Executive Leadership

Executive misconduct costs organizations an average of $900,000 a year:
more than six times the cost of manager misbehavior. Harassment and
other gender-related misconduct lead the list. So, what do you do?

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Nobody talks about it, and it’s against the rules of virtually every
employer, yet the practice thrives: It’s called making “homers”: items
or work produced on company time for personal use. Harvard Business School assistant professor Michel Anteby has explored
the practice by interviewing retired French metalworkers. He found that
leaders of all stripes—managers, supervisors, executives—know about
homer-making, and most ignore it. But why?

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Assess the bottom line and culture of your organization to keep it
healthy. Here are the questions you’ll need to answer and the steps
you’ll take, divided into four key parts:

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During the poisoned-Tylenol crisis of 1982, Johnson & Johnson
incurred a vast financial loss by asking stores to destroy their
Tylenol inventories. Compare J & J’s response to that of Johns-Manville Corp., which
refused for years to admit that the asbestos it produced was killing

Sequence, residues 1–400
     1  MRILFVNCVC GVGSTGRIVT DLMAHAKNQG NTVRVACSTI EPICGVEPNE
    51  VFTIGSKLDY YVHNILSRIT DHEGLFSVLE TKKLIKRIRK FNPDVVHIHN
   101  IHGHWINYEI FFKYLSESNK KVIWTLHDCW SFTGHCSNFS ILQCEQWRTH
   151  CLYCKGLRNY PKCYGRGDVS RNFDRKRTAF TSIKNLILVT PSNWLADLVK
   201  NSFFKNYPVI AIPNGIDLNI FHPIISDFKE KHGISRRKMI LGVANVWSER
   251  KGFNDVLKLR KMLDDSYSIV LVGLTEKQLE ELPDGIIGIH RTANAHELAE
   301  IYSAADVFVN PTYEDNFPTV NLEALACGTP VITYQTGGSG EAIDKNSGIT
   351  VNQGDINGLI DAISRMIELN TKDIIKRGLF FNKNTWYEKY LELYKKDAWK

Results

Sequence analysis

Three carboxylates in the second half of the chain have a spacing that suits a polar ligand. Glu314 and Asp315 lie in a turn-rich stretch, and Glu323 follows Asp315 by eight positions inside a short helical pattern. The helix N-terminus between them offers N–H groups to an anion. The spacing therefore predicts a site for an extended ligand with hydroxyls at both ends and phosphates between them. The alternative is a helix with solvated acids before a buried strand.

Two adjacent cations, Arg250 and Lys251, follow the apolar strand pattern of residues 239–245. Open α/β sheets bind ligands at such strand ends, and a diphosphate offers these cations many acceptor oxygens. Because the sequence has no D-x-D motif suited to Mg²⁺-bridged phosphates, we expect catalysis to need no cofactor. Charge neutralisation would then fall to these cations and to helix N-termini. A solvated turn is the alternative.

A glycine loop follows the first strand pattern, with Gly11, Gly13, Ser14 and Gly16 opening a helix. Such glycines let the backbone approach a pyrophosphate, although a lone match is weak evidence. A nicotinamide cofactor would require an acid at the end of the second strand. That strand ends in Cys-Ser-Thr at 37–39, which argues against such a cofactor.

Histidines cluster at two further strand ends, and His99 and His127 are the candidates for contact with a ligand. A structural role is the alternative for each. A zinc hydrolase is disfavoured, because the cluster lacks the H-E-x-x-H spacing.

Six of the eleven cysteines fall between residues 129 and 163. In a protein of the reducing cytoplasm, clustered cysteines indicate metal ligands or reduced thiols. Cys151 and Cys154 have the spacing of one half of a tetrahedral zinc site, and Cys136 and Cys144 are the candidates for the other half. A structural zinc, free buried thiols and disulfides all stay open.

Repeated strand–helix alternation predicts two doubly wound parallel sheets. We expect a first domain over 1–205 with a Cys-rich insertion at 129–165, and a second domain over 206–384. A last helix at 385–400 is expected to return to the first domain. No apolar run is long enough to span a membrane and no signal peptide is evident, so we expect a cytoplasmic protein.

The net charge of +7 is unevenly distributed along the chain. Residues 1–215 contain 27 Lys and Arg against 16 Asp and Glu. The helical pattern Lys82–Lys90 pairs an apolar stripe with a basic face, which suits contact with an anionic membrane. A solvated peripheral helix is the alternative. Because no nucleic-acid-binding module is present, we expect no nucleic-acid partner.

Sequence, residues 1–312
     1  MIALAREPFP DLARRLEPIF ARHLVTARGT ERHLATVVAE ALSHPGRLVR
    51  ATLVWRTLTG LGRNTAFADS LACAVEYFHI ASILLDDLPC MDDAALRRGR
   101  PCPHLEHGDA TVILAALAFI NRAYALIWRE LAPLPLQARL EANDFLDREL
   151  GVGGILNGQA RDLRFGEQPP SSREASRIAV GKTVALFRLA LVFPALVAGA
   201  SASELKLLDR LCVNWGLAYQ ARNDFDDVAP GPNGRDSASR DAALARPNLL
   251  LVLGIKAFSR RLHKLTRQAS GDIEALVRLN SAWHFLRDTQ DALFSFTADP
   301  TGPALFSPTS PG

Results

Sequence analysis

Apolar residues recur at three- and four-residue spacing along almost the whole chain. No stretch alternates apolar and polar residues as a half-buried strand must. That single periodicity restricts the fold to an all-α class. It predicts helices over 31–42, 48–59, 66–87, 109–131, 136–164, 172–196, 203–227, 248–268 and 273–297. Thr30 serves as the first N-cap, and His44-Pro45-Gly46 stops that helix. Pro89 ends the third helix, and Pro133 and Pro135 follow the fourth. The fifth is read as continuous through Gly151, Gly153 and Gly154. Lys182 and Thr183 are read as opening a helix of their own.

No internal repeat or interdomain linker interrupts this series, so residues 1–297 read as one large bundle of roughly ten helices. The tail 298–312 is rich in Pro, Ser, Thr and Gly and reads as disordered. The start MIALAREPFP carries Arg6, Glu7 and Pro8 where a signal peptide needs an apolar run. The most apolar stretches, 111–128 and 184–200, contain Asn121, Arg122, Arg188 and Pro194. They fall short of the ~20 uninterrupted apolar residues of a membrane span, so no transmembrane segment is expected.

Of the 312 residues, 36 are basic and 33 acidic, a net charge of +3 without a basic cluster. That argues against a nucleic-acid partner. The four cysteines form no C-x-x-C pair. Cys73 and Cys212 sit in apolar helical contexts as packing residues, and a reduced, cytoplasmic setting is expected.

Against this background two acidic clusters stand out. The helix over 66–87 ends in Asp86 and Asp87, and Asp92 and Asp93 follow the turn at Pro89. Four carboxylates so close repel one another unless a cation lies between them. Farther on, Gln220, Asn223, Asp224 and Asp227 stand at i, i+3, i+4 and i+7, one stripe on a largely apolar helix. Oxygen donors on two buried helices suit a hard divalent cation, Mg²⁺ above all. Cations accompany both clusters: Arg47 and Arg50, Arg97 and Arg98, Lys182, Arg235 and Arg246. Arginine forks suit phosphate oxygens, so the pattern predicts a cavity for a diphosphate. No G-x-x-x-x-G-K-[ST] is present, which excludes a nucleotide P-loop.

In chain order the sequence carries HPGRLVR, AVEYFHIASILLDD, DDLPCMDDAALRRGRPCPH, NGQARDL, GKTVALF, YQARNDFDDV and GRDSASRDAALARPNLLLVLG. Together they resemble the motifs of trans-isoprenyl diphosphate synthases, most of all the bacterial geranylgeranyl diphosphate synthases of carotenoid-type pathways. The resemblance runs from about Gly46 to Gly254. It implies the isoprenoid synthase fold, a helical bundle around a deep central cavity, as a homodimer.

people.

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Problem: Disaster-relief
agencies and the United Nations are flooded with donations to help the
victims of natural disasters, but none has a quick way—an army, say—to
deliver the supplies to where they belong.

Solution: The folks who brought you overnight shipping.

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Now that the first generation of leading black executives—a few of whom
worked their way up the ranks during the civil rights era—has retired,
they’ve begun sharing their wisdom with the rest of us. Clifton Wharton, the first black CEO of a large company (TIAACREF),
inherited that wisdom from a friend who told him there’s more than one
way to press for civil rights.

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Reach your career goals faster by setting aside time each day

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Visit their web sites periodically.

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Beware when renegotiating a deal that’s gone south.

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Set an example even while you’re on vacation.

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